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Friday 20 May 2011

CONFLICTS OF INTEREST ISSUE - "Strengthening Conflict of Interest Policies in Medicine." - Dr Lisa Cosgrove

Strengthening conflict-of-interest policies in medicine

    Lisa Cosgrove PhD(1),*,
    Harold J. Bursztajn MD(2)

Journal of Evaluation in Clinical Practice
Journal of Evaluation in Clinical Practice

Volume 16, Issue 1, pages 21–24, February 2010


    conflict of interest;
    disclosure policies in medicine


Rationale, aims and objectives  Conflict-of-interest (COI) policies have played a vital role in protecting the integrity of science as well as protecting patients' welfare. However, the usefulness of these policies could be enhanced by addressing gaps in disclosure requirements, especially insofar as these gaps may impede the intended neutrality of COI policies. For example, current COI policies have not addressed potential conflicts created by indirect industry funding, such as when pharmaceutical companies provide general funding to researchers' academic departments or to medical educational programmes. Nor do they address the consequent creation of climates of opinion, which may marginalize important criticisms and undermine progress on this important policy issue.

Methods  The authors used a critical thinking approach to analyze the gaps in existing COI policies.

Conclusion  Taking the position that a more adequate system of checks and balances is needed, the authors offer specific recommendations for improving current policies and for addressing the issue of indirect support.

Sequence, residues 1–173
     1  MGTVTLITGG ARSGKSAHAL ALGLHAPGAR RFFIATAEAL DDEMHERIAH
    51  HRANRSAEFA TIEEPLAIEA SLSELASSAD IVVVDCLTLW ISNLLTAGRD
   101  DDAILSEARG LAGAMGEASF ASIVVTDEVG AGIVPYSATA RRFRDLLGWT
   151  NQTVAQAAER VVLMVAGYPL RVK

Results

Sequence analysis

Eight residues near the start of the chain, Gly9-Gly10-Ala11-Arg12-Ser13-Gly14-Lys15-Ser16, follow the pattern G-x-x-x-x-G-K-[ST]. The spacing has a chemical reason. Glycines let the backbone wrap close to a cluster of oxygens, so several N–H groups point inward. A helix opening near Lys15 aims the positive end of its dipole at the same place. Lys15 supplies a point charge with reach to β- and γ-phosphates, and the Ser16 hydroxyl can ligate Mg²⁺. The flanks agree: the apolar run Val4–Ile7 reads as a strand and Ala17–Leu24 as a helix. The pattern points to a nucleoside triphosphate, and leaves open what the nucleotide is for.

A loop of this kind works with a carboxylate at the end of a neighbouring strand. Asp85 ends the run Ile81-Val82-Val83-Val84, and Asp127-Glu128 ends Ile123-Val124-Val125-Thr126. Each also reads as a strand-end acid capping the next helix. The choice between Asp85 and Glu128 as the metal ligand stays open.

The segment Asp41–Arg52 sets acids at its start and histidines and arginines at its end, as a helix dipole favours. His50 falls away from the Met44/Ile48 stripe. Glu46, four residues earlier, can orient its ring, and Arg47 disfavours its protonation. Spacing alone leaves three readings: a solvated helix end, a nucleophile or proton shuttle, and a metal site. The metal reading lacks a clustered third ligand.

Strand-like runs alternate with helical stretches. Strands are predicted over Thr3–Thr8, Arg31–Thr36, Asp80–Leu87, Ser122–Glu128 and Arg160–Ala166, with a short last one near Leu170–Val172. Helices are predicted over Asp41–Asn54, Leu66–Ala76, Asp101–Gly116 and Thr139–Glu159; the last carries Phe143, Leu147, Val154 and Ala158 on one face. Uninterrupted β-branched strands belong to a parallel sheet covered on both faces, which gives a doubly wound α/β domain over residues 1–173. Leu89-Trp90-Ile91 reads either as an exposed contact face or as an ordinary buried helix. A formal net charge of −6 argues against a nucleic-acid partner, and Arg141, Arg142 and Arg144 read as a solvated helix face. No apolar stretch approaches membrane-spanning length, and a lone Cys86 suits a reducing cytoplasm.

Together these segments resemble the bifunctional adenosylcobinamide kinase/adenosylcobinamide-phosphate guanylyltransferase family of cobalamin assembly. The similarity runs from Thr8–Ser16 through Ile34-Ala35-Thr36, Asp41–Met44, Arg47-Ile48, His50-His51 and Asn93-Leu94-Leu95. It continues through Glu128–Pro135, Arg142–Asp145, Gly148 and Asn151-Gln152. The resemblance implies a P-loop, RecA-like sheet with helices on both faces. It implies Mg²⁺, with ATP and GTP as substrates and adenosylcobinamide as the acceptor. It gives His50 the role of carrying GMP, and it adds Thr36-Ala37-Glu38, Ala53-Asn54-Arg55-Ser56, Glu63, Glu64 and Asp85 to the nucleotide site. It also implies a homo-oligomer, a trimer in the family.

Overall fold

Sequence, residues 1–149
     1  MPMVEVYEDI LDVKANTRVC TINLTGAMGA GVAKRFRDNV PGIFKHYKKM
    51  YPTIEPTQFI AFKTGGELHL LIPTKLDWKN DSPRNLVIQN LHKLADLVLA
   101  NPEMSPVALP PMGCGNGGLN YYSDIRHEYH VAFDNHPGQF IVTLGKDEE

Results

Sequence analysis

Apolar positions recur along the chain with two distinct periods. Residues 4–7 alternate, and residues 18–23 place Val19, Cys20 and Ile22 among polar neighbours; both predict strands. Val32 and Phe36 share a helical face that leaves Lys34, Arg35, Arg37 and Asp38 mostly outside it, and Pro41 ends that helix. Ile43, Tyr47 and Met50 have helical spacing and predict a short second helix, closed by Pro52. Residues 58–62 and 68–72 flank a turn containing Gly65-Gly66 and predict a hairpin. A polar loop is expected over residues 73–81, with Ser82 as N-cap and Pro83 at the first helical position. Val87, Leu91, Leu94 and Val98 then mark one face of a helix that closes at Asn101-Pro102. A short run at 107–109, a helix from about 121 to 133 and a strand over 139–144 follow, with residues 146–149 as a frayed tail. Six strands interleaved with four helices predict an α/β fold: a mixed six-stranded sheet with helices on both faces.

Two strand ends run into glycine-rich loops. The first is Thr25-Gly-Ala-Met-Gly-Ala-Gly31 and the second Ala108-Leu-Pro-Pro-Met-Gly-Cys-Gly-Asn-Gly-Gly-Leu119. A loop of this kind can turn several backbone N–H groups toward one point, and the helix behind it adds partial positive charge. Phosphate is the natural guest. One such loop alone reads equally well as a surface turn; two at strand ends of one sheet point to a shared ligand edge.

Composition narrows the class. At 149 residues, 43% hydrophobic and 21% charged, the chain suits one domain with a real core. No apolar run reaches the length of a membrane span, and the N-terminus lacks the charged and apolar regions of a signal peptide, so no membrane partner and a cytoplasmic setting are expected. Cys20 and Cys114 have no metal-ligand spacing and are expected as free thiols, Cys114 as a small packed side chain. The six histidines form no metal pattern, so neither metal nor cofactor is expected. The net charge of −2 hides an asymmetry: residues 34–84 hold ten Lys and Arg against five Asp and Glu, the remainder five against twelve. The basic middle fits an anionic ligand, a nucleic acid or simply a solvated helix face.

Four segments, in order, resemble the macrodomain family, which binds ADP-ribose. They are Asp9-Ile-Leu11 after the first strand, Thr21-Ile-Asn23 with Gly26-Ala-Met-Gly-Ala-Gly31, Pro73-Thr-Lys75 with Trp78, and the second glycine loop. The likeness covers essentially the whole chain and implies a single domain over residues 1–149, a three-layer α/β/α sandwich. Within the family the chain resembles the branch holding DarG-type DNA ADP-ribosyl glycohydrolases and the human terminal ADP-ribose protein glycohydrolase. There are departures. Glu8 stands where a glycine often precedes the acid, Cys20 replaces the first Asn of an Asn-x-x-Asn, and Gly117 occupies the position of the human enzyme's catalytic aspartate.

Drug company ties(FROM WIKIPEDIA)

In his book Anatomy of an Epidemic (2010), Robert Whitaker described the partnership that has developed between the APA and pharmaceutical companies since the 1980s.[12] APA has come to depend on pharmaceutical money.[12] The drug companies endowed continuing education and psychiatric "grand rounds" at hospitals. They funded a political action committee (PAC) in 1982 to lobby Congress. The industry helped to pay for the APA's media training workshops. It was able to turn psychiatrists at top schools into speakers, and although the doctors felt they were independents, they rehearsed their speeches and likely would not be invited back if they discussed drug side effects. "Thought leaders" became the experts quoted in the media. As Marcia Angell wrote in The New England Journal of Medicine (2000), "thought leaders" could agree to be listed as an author of ghostwritten articles, and she cites Thomas Bodenheimer and David Rothman who describe the extent of the drug industry's involvement with doctors. The New York Times published a summary about antipsychotic medications in October 2010.


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